ed racers but had no regard for direc-
I,Te Swift Specific
tion or distance. Others fell down
and rolled over, and still others balk
ed. It was almost ten minutes before
Sammy Garrett, Mack Gaunt and Dick
Martin spurred their mounts across
the finish mark as winners.
Altogether it was a great Hound
Up and there were none present who
will forget it.
Permanent Muscular Strength can
hot exist where thnre la not blood
The following officers were Install-
ed in Pendleton Review by Alice O'-
Daniel, Installing officer;
Dorothy McKlernan, commander;
Sarah Morton, lieutenant command
er; Klla Reager, record keeper; Hat
tie Ferguson, finance uuditor; Hattie
J. Davis, chaplin; Laura Howard,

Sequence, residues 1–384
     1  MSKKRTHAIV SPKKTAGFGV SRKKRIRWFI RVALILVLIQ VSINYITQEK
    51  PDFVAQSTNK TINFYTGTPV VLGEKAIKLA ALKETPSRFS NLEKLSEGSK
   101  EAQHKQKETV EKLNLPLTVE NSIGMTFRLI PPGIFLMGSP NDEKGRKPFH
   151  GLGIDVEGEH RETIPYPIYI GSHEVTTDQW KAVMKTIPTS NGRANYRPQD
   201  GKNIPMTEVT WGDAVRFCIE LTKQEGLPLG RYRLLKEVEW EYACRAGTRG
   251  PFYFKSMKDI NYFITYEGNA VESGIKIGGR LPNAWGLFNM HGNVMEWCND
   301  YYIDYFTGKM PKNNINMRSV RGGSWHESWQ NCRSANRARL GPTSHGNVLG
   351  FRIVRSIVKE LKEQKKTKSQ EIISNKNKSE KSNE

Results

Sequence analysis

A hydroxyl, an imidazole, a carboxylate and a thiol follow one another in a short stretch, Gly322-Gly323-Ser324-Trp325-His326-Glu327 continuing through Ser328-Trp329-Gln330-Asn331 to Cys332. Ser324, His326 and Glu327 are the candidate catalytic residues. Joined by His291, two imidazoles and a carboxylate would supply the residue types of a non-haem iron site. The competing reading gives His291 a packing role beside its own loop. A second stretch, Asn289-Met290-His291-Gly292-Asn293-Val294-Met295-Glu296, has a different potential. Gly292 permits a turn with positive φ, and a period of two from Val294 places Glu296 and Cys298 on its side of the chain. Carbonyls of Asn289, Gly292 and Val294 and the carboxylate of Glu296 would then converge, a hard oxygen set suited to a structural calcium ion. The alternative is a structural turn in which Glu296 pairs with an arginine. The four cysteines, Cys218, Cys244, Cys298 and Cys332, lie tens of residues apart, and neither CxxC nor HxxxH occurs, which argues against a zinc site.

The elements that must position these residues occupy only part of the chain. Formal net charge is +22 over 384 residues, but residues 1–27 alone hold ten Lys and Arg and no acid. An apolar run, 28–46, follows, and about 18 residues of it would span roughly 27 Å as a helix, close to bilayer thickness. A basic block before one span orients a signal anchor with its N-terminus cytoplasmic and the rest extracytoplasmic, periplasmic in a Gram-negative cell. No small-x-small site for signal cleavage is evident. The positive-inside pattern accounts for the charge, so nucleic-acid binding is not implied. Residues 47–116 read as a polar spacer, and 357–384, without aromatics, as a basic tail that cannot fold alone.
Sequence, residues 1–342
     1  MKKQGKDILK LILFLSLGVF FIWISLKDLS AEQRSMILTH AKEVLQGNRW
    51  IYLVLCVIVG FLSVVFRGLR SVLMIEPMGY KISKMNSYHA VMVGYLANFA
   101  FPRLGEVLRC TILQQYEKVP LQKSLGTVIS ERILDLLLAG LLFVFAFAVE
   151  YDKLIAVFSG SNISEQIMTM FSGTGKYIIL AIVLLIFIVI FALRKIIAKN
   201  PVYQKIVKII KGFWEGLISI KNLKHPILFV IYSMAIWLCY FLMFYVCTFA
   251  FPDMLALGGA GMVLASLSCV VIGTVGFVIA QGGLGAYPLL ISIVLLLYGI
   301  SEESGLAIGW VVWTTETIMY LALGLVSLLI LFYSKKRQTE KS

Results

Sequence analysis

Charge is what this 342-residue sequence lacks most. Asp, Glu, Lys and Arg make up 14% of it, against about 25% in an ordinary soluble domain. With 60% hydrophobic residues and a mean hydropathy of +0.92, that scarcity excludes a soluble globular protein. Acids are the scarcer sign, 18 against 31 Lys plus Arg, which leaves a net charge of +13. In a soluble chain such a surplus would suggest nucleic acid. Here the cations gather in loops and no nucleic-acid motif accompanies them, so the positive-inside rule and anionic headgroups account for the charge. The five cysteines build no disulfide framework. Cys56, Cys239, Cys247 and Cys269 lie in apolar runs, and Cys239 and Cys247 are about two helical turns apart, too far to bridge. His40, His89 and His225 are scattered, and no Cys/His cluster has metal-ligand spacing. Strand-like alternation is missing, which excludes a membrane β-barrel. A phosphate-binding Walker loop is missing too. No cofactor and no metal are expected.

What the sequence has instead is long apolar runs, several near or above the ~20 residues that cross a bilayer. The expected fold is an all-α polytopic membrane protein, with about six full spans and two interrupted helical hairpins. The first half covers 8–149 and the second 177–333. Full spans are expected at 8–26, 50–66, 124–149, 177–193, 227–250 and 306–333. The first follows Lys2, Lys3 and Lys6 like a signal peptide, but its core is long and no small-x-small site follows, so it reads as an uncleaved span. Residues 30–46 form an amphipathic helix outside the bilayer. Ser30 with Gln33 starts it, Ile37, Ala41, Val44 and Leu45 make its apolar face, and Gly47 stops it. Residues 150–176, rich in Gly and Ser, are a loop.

lady at urms; Martha Greullch, ser
geant; Clara Schuman, sentinel; Min
nie Brown, picket; Laura Humphrey,
musician; Lillian Hlmes, captain;
Kllen Wheelock, first color bearer;
Minnie Daniel, second color bearer.
Dr. and Mrs. Gaunt of Holdman and
Dr. Haunt's father of Iowa, ure guests
during the Round-Up of Mr. and Mrs.
Charles McBee.
Mrs. Hattie A. Hewett and young
daughter, of the Grays Harbor coun
try, near Monte Sano, have arrived
for a visit with Mrs. Hewett's brother,
Kd Stansberry nnd also to again set
the Kound-Up. Mrs. Hewett and her
daughter made the entire trip over
the lilue road and Highway In a Ford
runabout, alone. No trouble ' at all
was experienced. The complete Jour
ney will cover about 800 miles.
Word has been received In this city
of the birth of a nine pound son to
Mr. and Mrs. F. T. Fulllngton at San
Jose, Mr. and Mrs. Fulllngton are
residents of Umatilla.
Among the numerous Portlnndera
who have gone or are contemplating
going to the Round-Up at Pendleton
going to the Round-Up at Pendleton